“I found my voice long before I became a writer in community organizing. That’s where I found my voice, where I was able to take all that pain and transform it into something useful in the world, and I never looked back.” Michael Patrick MacDonald is a storyteller. Michael recently encouraged the crowd of young leaders at the Children’s Defense Fund Freedom Schools’® National Training to understand the power of storytelling to create change.
His first book, All Souls: A Family Story from Southie, became a national bestseller and won an American Book Award, and All Souls and its follow-up Easter Rising: A Memoir of Roots and Rebellion have captivated readers with their accounts of his childhood in South Boston’s Old Colony housing project and the poverty, crime, and addiction that devastated his Irish Catholic neighborhood and killed four of his siblings.
He said All Souls begins with a description of an event he organized in his own community: “I organized an All Souls Day vigil to get the neighborhood to start to come out and to tell the truth about all the deaths in the neighborhood, from murders, overdoses, all of the things that we didn’t talk about, all of the things that we pretended didn’t exist. South Boston held the highest concentration of White poverty in America, and I grew up in the housing projects there in a family of 11 kids. Of the 11 kids, we lost four, plus a sister who was crippled in a fight over pills and was pushed off a roof in the projects. But the others all died from poverty and violence as well. My mother was shot as well, and all the years you would go through that stuff, and all of our neighbors were going through that stuff, we were strangled by this code of silence where you were never able to talk about it. You weren’t allowed to talk about this stuff because our neighborhood was controlled by organized crime, but also because the neighborhood was in a state of denial, choosing to believe what the media says—that this stuff doesn’t happen here, this stuff happens ‘over there,’ to ‘those people.’ That’s Black and Latino people, in particular. [South Boston] is very well known for the race riots of the 1970s, when the neighborhood broke into racist riots over desegregation in the city of Boston, but had an awful lot in common with those neighborhoods that we were trying to keep out—an awful lot in common in terms of class.”
Michael knew the code of silence in his neighborhood very well because it was the way he was brought up. In his own family he was “the quiet one” of the 11 children, and as each of his four brothers died he initially felt “kind of stunned speechless.” But when he started working “over there” in some of Boston’s other neighborhoods he realized he wasn’t the only one holding a story inside—and learned how much more power people had when they started letting their stories out and sharing them with each other. “I decided to write a memoir after years of doing community organizing, especially with a lot of mothers of murdered children, from around the city of Boston—from Roxbury, Dorchester, Mattapan, the Black and Latino neighborhoods, as well as eventually South Boston and Charlestown, the poorer White neighborhoods . . . and I would organize these press conferences or rallies, and I’d push them to the microphone to get them to tell their stories. I saw what happened to them when they told their stories in whatever amount that they wanted to and were capable of telling—how it changed them, and it was also changing the world.”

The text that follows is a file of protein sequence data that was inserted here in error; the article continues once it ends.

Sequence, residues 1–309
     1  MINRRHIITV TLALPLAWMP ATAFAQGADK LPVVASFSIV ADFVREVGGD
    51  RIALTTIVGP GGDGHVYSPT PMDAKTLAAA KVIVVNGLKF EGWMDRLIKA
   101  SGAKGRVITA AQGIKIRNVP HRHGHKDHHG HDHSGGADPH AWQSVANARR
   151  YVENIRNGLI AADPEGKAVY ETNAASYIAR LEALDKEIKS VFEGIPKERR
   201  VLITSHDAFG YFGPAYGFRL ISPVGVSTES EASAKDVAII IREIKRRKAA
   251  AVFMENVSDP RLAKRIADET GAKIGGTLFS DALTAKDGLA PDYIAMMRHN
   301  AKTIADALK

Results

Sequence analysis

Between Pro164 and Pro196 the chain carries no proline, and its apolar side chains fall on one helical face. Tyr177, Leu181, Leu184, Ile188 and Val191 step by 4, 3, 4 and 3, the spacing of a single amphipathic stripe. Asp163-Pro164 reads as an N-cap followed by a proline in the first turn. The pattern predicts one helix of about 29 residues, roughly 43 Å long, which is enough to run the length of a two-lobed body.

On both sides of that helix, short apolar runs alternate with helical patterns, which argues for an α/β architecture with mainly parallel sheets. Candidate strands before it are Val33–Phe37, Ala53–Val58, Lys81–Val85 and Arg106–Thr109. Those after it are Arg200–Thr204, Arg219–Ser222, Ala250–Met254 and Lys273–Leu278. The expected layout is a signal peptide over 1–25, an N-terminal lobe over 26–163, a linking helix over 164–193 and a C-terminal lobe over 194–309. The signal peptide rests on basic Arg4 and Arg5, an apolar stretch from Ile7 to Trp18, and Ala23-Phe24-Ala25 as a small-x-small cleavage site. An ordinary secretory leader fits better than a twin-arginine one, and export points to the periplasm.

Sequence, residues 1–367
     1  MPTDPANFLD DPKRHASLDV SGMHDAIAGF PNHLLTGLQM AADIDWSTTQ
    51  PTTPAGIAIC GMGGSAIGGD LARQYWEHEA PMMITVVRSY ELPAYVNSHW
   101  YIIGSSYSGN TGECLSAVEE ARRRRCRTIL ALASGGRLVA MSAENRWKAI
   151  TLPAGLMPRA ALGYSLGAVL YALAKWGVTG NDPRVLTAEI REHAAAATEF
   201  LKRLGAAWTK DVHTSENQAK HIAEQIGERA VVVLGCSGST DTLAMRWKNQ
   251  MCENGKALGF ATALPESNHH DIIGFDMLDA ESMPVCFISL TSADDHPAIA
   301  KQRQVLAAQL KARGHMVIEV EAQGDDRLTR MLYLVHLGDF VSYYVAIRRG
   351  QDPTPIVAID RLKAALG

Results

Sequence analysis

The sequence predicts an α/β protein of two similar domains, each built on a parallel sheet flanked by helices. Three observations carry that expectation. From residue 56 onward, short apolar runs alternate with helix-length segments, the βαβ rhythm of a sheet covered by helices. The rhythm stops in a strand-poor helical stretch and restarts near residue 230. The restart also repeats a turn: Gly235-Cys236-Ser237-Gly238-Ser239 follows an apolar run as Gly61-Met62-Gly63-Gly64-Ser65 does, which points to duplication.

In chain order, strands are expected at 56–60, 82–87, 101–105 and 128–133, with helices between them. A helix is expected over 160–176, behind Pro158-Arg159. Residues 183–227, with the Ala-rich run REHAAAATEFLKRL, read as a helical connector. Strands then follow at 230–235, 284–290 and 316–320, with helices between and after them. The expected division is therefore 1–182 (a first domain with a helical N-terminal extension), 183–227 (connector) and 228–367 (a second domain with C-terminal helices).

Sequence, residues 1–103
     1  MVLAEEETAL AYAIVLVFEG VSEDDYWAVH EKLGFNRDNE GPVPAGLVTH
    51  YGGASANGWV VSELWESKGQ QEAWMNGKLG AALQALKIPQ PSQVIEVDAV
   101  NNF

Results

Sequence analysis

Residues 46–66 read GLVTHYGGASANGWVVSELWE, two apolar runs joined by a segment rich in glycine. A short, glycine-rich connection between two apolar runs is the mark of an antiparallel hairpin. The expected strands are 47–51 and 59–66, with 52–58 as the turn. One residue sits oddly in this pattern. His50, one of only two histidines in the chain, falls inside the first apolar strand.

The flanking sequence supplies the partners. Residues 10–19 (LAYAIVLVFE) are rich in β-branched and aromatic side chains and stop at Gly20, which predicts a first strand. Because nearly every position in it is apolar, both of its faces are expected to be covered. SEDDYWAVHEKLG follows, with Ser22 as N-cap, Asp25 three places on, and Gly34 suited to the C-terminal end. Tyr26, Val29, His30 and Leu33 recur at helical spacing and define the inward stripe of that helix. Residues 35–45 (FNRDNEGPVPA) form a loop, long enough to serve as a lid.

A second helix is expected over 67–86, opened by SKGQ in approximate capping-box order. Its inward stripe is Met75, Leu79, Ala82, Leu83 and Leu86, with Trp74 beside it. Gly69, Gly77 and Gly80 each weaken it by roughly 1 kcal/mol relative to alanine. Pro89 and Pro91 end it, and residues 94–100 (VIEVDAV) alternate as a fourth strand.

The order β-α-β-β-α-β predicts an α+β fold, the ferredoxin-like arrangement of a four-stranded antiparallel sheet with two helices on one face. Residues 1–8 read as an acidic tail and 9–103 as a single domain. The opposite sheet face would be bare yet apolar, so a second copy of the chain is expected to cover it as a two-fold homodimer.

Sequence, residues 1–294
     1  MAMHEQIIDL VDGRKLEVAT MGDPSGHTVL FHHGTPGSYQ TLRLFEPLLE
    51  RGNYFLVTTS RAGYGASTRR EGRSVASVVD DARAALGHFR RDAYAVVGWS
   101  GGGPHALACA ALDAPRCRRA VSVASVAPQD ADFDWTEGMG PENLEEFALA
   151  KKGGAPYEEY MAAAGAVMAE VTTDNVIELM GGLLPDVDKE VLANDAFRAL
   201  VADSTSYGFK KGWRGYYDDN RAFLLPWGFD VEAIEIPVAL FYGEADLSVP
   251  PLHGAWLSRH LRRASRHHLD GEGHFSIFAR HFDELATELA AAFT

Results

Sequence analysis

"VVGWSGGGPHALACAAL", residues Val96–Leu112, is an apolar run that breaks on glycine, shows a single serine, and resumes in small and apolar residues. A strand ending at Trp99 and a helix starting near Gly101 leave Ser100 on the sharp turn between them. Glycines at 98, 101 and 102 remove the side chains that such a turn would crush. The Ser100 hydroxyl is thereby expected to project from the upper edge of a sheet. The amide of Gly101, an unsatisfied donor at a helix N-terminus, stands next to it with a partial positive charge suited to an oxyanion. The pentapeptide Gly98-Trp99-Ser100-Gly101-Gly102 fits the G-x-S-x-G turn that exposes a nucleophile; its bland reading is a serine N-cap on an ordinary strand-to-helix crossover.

Michael could see the impact these mothers were having on their communities, especially by speaking out against gun violence. He could also see that sharing their stories was helping reduce their own risks of suicide, alcoholism, drug addiction, and need for revenge against the people who had taken their family members’ lives, and breaking their silences was even changing them in other ways: “They had a really powerful strength, and they completely changed from ‘high-risk’ people to really powerful people . . . I saw what it did for them . . . and then they started to push me out to the front to the microphone, and I would give little bits of my story, and tell of my siblings that were killed, and eventually wanted to tell more and more because I started to feel what it does for you.” By the vigil he described at the beginning of his book he was both organizer and participant, one of the last people to step to the altar to light a candle and recite the names of each of his own lost brothers—“I stopped and took a deep breath. Then I spoke up. Davy, Frankie, Kevin, and Patrick, and for all souls.”
Michael ultimately learned a lesson that he compared to reading Howard Zinn’s beloved classic A People’s History of the United States: “When I even just saw the title of that book and started to think about what ‘people’s history’ means, that means that all of us have to tell our stories, and that’s ultimately a people’s history—and the more we can encourage that in young people, the more we will have a more complete story.” Readers everywhere have been grateful for the ways Michael Patrick MacDonald has helped complete South Boston’s story, and he says as he continues to travel and talk about his own writing he’s learned the idea young people connect with most is how powerful it can be to share their own stories and the “possibility of transforming trauma into voice.” It’s a critical lesson for all young people and for all of us—and especially for those who’ve experienced some of the same kinds of family and community poverty, violence, and addiction, for whom breaking silences and realizing they are not alone can be life-changing.
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